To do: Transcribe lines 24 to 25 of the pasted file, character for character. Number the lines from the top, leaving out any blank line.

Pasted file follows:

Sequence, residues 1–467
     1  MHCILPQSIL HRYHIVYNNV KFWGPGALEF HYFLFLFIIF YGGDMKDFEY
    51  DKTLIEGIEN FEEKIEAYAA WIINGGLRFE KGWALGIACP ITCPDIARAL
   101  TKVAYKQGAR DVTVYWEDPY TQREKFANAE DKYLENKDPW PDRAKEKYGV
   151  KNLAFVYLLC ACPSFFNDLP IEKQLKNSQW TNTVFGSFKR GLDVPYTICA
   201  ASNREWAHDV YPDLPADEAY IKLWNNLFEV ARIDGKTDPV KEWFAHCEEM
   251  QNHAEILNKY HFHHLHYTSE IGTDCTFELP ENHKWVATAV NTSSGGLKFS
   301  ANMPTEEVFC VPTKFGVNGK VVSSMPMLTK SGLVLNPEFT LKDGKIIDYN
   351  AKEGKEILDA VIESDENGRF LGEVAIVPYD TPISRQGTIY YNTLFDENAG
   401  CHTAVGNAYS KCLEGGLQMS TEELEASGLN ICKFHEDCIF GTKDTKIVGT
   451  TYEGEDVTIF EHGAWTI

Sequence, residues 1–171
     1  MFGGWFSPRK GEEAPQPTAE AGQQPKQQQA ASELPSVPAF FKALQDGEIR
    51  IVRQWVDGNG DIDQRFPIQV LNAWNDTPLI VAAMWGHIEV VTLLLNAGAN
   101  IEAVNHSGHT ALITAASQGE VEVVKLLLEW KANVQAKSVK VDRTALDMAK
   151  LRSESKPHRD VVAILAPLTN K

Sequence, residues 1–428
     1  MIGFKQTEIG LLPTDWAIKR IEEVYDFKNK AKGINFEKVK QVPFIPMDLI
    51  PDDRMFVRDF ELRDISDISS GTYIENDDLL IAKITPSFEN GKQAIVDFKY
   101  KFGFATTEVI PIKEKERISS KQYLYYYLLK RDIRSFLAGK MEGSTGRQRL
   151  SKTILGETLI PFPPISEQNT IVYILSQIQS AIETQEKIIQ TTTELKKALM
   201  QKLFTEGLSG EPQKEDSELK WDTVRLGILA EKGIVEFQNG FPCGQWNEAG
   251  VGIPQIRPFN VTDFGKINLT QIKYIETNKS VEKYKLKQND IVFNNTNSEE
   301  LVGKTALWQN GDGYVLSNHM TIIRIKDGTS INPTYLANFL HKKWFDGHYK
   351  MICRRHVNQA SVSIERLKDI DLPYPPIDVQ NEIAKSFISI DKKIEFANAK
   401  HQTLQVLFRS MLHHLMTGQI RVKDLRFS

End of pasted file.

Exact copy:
   301  LVGKTALWQN GDGYVLSNHM TIIRIKDGTS INPTYLANFL HKKWFDGHYK
   351  MICRRHVNQA SVSIERLKDI DLPYPPIDVQ NEIAKSFISI DKKIEFANAK